Sharing a Meal and Showing Solidarity
With the Homeless and Poor
“We can find no social or moral justification, no justification whatsoever, for lack of housing,” the pope said.
The New York Times reported that
“On his six-day visit to the United States, Francis is heeding the warning that was whispered to him by a Brazilian cardinal just moments before Francis was elected pope: ‘Don’t forget the poor.’”
Lolita who has live in Catholic Charities shelter for over a year spoke to The Times about the historic visit, “The pope cares,” she said, “and that’s what really matters.”
After his much-anticipated remarks to Congress, Pope Francis traveled a short distance from under the shadow of the Capitol to address the plight of Washington’s homeless at St. Patrick’s Church, and to bless a meal and visit with those who are without a place to live.
According to the NY Times.
NJ Advance Media interviewed Members of Congress representing New Jersey and constituents who were at the Pope’s speech to Congress earlier that same day.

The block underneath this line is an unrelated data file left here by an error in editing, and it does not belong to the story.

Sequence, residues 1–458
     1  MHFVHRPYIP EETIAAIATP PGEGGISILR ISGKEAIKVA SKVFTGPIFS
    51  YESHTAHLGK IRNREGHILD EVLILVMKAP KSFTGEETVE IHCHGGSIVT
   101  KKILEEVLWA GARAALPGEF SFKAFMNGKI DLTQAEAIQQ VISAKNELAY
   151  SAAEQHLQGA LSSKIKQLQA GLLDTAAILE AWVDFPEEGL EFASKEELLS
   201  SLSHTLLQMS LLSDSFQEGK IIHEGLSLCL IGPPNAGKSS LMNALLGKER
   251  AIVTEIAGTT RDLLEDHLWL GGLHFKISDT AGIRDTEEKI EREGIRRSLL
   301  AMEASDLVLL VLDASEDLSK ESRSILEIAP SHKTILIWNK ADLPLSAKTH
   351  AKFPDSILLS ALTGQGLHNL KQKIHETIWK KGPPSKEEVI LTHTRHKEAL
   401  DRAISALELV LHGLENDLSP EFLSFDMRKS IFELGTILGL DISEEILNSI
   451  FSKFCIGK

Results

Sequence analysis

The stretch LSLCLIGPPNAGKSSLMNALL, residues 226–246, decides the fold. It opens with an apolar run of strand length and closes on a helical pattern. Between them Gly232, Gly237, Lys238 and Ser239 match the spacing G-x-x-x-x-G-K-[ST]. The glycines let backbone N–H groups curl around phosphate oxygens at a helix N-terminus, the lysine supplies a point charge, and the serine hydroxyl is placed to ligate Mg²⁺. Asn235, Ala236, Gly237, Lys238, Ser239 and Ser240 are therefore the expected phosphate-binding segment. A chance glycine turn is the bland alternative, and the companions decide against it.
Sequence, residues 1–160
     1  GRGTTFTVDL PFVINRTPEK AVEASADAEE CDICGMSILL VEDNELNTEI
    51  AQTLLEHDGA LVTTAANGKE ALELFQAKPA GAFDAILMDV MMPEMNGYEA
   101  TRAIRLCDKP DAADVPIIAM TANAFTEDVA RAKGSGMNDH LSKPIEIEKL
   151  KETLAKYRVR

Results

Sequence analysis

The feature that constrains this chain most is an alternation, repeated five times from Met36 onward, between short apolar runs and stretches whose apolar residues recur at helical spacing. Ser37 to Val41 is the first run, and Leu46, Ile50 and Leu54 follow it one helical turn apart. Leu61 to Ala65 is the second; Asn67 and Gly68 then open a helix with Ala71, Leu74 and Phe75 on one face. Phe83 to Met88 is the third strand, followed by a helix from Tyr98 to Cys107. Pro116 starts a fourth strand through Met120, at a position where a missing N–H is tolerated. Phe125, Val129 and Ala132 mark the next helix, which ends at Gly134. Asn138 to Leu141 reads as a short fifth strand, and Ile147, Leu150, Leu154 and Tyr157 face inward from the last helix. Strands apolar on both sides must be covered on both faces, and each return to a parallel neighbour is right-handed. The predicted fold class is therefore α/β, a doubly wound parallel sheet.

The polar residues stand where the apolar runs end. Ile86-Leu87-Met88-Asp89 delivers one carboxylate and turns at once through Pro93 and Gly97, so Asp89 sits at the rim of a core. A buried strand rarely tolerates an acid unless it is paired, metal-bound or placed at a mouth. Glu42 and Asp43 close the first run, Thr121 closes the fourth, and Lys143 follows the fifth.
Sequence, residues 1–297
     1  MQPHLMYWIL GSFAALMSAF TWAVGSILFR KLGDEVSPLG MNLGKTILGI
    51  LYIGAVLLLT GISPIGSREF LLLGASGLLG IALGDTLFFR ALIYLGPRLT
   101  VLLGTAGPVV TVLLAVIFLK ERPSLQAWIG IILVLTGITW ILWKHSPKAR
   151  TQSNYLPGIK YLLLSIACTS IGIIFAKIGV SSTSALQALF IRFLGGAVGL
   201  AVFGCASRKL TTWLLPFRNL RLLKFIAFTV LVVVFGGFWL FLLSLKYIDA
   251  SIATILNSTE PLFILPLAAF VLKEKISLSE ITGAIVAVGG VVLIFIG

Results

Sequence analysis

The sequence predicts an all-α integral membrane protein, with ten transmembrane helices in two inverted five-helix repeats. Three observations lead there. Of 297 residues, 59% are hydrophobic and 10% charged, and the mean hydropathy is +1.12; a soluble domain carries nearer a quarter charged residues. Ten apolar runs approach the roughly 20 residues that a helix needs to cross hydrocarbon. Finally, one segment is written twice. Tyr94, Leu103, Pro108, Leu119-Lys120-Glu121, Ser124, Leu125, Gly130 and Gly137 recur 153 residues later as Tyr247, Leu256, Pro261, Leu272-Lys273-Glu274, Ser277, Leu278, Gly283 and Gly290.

“Pope Francis has captured the imagination of the world.”
Said New Jersey Congressman Leonard Lance (R-7.)
Hopefully, Congressman Lance and his colleagues in the House and Senate will take the Pope’s message to them to heart.
“All political activity must serve and promote the good of the human person and be based on respect for his or her dignity,” said the Pope.
Quoting from a National Public Radio (NPR) news story covering the Pope’s visit to Catholic Charities,
“We can find no social or moral justification, no justification whatsoever, for lack of housing,” the pope said, speaking in Spanish with an interpreter at the church. He urged the homeless to turn toward prayer for strength, and he beseeched those with means to remember them.
“We know that Jesus wanted to show solidarity with every person,” he said.
“Buen appetito,” he told the eaters before a meal of chicken and pasta.
He spoke of giving hope to those in need to individuals such as Latiha Bussie. “She’s now working to get a college degree and lives in permanent supportive housing, but Bussie says for most of her life, she was an alcoholic and an addict and homeless. She took her first drink when she was 5 years old. Now she’s 36. She says at this point in her life, she expected to be dead, not seeing a pope.”
The Pope reminded the audience that Jesus was homeless when he first came into the world.